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Red Bank Veterinary Hospital - Tinton Falls

What Is an Animal Blood Bank?

Anesthesiology equipment

MAY 29, 2019

Most people are aware that humans can receive blood transfusions, but they may not know that a pet’s life can also be saved by the gift of blood. An animal blood bank collects blood from donor dogs and cats, and stores the blood for pets who need a transfusion. The collected blood is stored whole or separated into different components, such as plasma, packed red blood cells, or platelets, that can be used individually as needed. Some blood products are stored in a refrigerator, while others are kept frozen so they are available for a longer time. The storage refrigerator is used only for blood products, and its temperature is closely regulated to stay within a specific range for proper blood preservation.Red Bank Veterinary Hospital in Tinton Falls is home to the Wyatt Goldthwaite Veterinary Blood Bank, which is named after a client’s beloved dog who received many life-saving blood transfusions during his battle with cancer. Our blood bank stores blood products so they are available for pets at a moment’s notice.


Blood is vital to your pet’s health because it carries oxygen and nutrients throughout his body. Any time a pet suffers blood loss, blood cell destruction, or insufficient blood production, his life is at risk. A blood transfusion supplements a pet’s blood volume until he can produce more blood himself and replenish the deficit. Pets who can benefit from a blood transfusion include those who:

  • Have lost a significant volume of blood from a trauma, such as a car accident

  • Have immune-mediated hemolytic anemia (IMHA), a condition where a pet’s immune system destroys its own red blood cells

  • Have immune-mediated thrombocytopenia (ITP), a condition where a pet’s immune system destroys its own platelets, causing excessive bleeding

  • Have a bleeding disorder that causes a significant blood loss

  • Have a bone marrow disorder that interferes with normal blood cell production


Blood products stored at our blood bank are graciously provided by donor cats and dogs. The donors must be:

  • Between 1 and 7 years of age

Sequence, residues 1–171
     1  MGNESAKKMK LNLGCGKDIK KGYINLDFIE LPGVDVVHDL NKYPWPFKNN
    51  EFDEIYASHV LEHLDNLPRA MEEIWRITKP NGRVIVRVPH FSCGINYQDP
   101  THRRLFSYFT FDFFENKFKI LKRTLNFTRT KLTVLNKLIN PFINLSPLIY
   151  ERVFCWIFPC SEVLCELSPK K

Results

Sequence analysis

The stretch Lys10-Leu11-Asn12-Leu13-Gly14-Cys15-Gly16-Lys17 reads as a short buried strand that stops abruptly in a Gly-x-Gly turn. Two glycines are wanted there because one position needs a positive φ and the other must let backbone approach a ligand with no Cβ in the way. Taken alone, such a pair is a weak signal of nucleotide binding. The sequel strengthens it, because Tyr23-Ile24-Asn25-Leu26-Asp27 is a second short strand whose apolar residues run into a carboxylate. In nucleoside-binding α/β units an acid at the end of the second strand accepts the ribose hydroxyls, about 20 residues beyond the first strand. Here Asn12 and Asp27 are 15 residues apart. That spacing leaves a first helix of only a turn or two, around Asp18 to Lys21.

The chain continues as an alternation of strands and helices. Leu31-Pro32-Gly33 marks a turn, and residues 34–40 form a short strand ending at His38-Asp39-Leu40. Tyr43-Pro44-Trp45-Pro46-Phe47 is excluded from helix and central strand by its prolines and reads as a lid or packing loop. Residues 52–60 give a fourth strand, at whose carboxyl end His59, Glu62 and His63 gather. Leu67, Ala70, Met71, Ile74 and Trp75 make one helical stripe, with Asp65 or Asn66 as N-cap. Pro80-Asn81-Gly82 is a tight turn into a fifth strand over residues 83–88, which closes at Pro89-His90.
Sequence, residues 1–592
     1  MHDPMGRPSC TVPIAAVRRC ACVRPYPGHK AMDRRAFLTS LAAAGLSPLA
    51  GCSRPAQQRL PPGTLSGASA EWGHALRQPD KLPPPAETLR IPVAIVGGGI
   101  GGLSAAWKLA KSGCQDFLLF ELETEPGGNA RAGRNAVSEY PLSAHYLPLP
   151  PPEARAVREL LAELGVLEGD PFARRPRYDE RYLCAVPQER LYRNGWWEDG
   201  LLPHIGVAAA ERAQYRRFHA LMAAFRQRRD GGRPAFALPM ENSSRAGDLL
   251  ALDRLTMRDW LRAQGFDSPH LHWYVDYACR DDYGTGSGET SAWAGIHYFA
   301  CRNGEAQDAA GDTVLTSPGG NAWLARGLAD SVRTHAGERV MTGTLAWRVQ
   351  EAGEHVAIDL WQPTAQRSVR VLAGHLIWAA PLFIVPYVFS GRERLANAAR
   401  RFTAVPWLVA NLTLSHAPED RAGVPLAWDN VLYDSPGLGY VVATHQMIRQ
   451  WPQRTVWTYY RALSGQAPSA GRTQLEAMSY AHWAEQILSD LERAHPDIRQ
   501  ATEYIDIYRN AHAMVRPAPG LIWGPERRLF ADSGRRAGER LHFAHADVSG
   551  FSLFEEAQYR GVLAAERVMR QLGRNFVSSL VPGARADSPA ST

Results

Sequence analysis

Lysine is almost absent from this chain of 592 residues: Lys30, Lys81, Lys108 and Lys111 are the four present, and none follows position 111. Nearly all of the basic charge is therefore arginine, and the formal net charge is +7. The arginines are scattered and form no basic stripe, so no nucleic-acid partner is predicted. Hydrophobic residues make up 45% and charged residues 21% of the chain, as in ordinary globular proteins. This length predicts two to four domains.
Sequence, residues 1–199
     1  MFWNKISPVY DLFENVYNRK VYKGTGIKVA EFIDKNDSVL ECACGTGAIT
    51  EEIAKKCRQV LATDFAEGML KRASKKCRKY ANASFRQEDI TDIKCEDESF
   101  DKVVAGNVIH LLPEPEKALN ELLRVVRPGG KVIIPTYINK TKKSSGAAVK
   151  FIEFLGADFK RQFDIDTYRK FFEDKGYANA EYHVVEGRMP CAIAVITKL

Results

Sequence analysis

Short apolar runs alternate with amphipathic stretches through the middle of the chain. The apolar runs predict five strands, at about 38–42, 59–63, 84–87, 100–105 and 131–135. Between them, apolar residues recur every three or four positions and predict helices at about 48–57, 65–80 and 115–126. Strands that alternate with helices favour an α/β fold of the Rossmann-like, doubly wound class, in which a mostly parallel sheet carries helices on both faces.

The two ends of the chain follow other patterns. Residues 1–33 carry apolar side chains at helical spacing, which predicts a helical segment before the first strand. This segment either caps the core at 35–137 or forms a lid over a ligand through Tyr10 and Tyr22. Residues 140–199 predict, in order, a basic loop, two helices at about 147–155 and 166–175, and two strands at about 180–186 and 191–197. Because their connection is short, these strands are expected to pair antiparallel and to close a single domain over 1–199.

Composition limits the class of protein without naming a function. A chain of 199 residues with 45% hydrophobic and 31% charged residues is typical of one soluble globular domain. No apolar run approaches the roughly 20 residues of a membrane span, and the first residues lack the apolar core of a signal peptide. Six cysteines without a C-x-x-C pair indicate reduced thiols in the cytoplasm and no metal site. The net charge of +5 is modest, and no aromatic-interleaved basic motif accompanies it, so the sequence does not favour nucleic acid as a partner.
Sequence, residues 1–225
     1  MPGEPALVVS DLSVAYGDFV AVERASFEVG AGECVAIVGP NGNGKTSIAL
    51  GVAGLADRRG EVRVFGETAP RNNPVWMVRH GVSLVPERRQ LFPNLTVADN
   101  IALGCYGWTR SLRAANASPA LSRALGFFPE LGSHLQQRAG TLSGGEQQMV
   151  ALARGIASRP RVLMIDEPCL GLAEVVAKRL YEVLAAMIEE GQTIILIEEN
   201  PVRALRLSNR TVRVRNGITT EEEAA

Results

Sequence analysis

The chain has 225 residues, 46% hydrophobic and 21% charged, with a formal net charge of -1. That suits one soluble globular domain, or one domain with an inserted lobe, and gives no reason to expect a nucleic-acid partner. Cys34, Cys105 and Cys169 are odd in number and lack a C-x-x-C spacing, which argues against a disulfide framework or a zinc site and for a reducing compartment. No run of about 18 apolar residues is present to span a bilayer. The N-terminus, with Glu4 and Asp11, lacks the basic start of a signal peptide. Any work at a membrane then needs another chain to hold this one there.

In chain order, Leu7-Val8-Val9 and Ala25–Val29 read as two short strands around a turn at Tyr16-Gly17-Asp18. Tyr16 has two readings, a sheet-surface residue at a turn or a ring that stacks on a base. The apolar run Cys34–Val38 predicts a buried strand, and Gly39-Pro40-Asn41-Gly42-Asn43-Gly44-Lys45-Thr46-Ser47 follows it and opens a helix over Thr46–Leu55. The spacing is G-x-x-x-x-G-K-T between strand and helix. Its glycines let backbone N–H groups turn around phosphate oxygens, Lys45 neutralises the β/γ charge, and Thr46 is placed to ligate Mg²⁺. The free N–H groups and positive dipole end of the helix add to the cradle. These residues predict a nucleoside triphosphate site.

• A minimum of 50 pounds for dogs and 10 pounds for cats

  • Spayed or neutered

  • Up-to-date on vaccinations

  • Current on heartworm, flea, and tick prevention (dogs only)

  • Housed indoors (cats only)

Donor pets visit our hospital routinely to provide blood, and we shower them with love and treats to thank them for their gift of life. We base the amount of blood we take on the animal’s weight. The blood is collected in a special bag, which takes less than 10 minutes, and is then separated into packed red blood cells that we refrigerate and plasma that we freeze. Collected blood is also tested to determine its blood type.


The two problems most likely to result from a blood transfusion are disease transmission and a transfusion reaction, but the complication risk is low due to our careful screening and blood typing. Every pet who donates blood to the Wyatt Goldthwaite Veterinary Blood Bank is thoroughly examined and extensively screened to ensure they are free of diseases that could be transmitted to blood recipients. Blood typing is performed on every donor and recipient to reduce the likelihood of a transfusion reaction.

Animals have blood types similar to humans. Cats have two major blood types, A and B, although type AB is occasionally observed. Cats can only receive transfusions of their own blood type and may have a severe reaction if the wrong type is administered. Dogs have at least six blood types, known as dog erythrocyte antigens (DEA). Dogs are less likely than cats to have a reaction, but they should still be tested. Cross-matching is an advanced form of testing that can also reduce the chance of a reaction.


Blood is transfused similarly to intravenous (IV) fluids. We place an IV catheter in the recipient and connect a bag of packed red blood cells or plasma to the catheter. Blood is administered while we carefully monitor the recipient for signs of a reaction throughout the transfusion, as well as afterward, to ensure a safe experience.

Blood transfusions save lives, and we are fortunate to have a blood bank to help New Jersey pets. If you have questions about the life-saving benefits of a blood transfusion or about the Wyatt Goldthwaite Veterinary Blood Bank, contact us.